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Trucking rates are starting to plateau, but market remains strong says ATA economist

Gains in rates will moderate in coming quarters, but underlying issues of driver availability will keep market tight.

The growth in trucking freight rates is expected to decelerate, but remain elevated going into 2019. Surging truck orders aim to replace fleets as carriers seek more employee drivers rather than rely on independent contracts.

Those were the views of industry experts on a conference call hosted by Bloomberg Intelligence transportation analyst Lee Klaskow. He says truckload rates have entered a prolonged upcycle fueled by tight capacity amid GDP growth, new regulation and limited driver availability.

“The robust rate environment that truckload carriers find themselves in should provide tailwinds for revenue and earnings growth into 2020,” Klaskow said.

Klaskow says year-to-date spot rates are up 20% while contract rates are expected to rise between 8% and 12%. But rate increases “should moderate from low double digit growth this year to mid single digit growth in 2019,” he added.

“We do expect pricing power to continue into 2020,” Klaskow said.

Bob Costello, chief economist at the American Trucking Associations, says leading indicators on consumer spending, construction, and industrial activity and inventories “look pretty good for the industry right now.”

Dry van rates are up 10% this year through August, excluding fuel surcharges, a 17-month streak of increases, Costello says. “We haven’t seen dry van numbers like this for quite some time,” Costello said.

Rates did slow down in August with year-on-year growth of 2.5%. Costello says growth rates will decelerate “if nothing else because of tougher year-over-year comparisons.”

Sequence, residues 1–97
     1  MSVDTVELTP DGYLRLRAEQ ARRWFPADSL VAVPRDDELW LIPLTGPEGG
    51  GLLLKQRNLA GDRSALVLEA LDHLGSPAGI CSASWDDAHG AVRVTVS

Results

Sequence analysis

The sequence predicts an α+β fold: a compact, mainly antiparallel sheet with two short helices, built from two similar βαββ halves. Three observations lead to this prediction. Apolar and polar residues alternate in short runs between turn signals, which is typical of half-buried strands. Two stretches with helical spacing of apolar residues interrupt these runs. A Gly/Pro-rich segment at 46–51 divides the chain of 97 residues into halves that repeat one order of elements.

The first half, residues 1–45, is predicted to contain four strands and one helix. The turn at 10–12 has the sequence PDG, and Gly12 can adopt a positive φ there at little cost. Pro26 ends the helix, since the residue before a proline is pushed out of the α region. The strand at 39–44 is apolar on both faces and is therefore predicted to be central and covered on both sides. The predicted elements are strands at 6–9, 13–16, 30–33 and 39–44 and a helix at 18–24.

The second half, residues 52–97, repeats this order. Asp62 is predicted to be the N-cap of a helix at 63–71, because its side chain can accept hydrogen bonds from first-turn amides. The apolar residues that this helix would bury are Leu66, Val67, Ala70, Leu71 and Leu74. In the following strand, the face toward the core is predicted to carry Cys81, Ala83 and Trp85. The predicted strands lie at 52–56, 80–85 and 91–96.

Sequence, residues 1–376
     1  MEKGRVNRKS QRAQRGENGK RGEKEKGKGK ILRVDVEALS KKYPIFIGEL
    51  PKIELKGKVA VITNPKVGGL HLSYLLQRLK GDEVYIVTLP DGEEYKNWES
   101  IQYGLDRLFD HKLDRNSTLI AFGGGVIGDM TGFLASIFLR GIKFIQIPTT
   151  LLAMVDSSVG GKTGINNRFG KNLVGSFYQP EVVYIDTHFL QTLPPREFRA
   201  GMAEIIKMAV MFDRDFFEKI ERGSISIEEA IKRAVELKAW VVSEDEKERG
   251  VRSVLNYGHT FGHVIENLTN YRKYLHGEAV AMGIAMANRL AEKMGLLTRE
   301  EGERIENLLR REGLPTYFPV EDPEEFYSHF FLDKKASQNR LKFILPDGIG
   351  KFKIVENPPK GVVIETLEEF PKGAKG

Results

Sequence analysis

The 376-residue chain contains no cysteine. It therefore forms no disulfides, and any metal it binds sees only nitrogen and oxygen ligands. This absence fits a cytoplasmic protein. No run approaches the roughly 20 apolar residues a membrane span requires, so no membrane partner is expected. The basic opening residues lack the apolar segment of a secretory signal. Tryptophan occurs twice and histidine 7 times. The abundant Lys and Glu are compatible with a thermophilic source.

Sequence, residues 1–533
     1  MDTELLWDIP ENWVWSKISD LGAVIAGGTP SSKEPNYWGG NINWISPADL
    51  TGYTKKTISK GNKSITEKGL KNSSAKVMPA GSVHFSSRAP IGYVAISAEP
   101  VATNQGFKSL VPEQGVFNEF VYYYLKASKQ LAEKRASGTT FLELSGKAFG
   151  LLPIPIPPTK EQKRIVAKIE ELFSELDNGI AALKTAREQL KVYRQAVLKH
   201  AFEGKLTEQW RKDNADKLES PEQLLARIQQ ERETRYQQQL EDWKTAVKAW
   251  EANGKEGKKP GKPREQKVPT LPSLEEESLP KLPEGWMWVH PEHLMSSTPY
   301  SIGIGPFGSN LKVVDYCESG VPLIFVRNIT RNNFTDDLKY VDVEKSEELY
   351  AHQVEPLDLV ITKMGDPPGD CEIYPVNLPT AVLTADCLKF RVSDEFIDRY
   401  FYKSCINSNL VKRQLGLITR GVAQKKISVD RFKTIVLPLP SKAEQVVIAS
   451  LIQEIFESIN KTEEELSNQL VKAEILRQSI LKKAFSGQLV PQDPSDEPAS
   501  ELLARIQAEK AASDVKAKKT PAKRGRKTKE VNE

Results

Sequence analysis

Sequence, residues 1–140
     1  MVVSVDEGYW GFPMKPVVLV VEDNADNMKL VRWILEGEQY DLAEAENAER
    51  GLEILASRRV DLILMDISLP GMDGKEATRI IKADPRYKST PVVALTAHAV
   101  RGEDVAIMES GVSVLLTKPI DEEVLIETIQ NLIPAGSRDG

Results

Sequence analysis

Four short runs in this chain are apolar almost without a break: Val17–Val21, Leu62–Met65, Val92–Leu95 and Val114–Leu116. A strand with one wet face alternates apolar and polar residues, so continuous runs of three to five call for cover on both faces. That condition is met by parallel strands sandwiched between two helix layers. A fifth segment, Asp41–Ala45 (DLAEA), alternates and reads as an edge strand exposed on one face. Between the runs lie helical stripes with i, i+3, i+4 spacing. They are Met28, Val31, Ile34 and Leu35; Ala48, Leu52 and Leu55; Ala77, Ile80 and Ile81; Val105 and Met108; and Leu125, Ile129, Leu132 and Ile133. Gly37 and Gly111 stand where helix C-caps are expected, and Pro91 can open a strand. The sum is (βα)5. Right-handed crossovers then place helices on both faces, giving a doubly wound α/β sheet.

Other indicators show the trucking market plateauing. Utilization rates are down to 95% from 100% levels earlier in the year. A survey from Citigroup (NYSE: C) equity researchers shows that the number of shippers that believe U.S truckload capacity is less available went from 39% in August to 39% in September.

The industry is also dealing with shorter hauls than ever before. Costello says the average length-of-haul for dry van truckloads fell to just around 500 miles for the year-to-date period, down from an average of 800 miles in 2005.

The decreasing length-of-haul stems from gains in ecommerce and increasing shipments to and from fulfillment centers closer to the customer. Costello says the decreasing length of haul represents a “structural change” in the industry.

“Ten years ago, truckload carriers were getting 100,000 ot 125,000 miles on a truck now they struggle to get a 100,000 miles,” Costello. “This has ramification for truck buying patterns and for driver pay.”

The ATA says the industry fell short 51,000 drivers last year. But that shortage is most concentrated in the over-the-road segment, which ATA estimates has about 500,000 drivers. The current trend suggests trucking could face a driver shortfall of 175,000 drivers by 2026.

“I don’t believe that’ll happen, but if it does our industry and our economy are in for a world of hurt,” Costello said.

The number of new truck orders might suggest more capacity coming online. Costello says the number of orders for heavy duty trucks “is really really high relative to historical averages.” But he says the orders are really driven by replacement and less by fleet expansion.

“It’s not the amount of trucks that are out there it’s the people that are willing to drive those trucks,” Costello said.

As for those drivers, Costello says many carriers are switching away from independent contractors to employee drivers with the number of company tractors up 4.9% since 2017 and the number of independent contractors down 4.3% according to ATA survey data.

Costello says it’s likely independent contractors are interested in going it alone thanks to the strong spot market. But also regulatory issues such as the increasing amount of regulatory scrutiny facing trucking companies in California are also prompting more carriers to go with employee drivers.

“I know of fleets that are actively trying to convert from independent contractors to company tractors in California,” Costello said. “In some cases they are buying the independent contractor’s tractor and they will make you an employee. The legal risk in California continues to grow around this independent contractor.”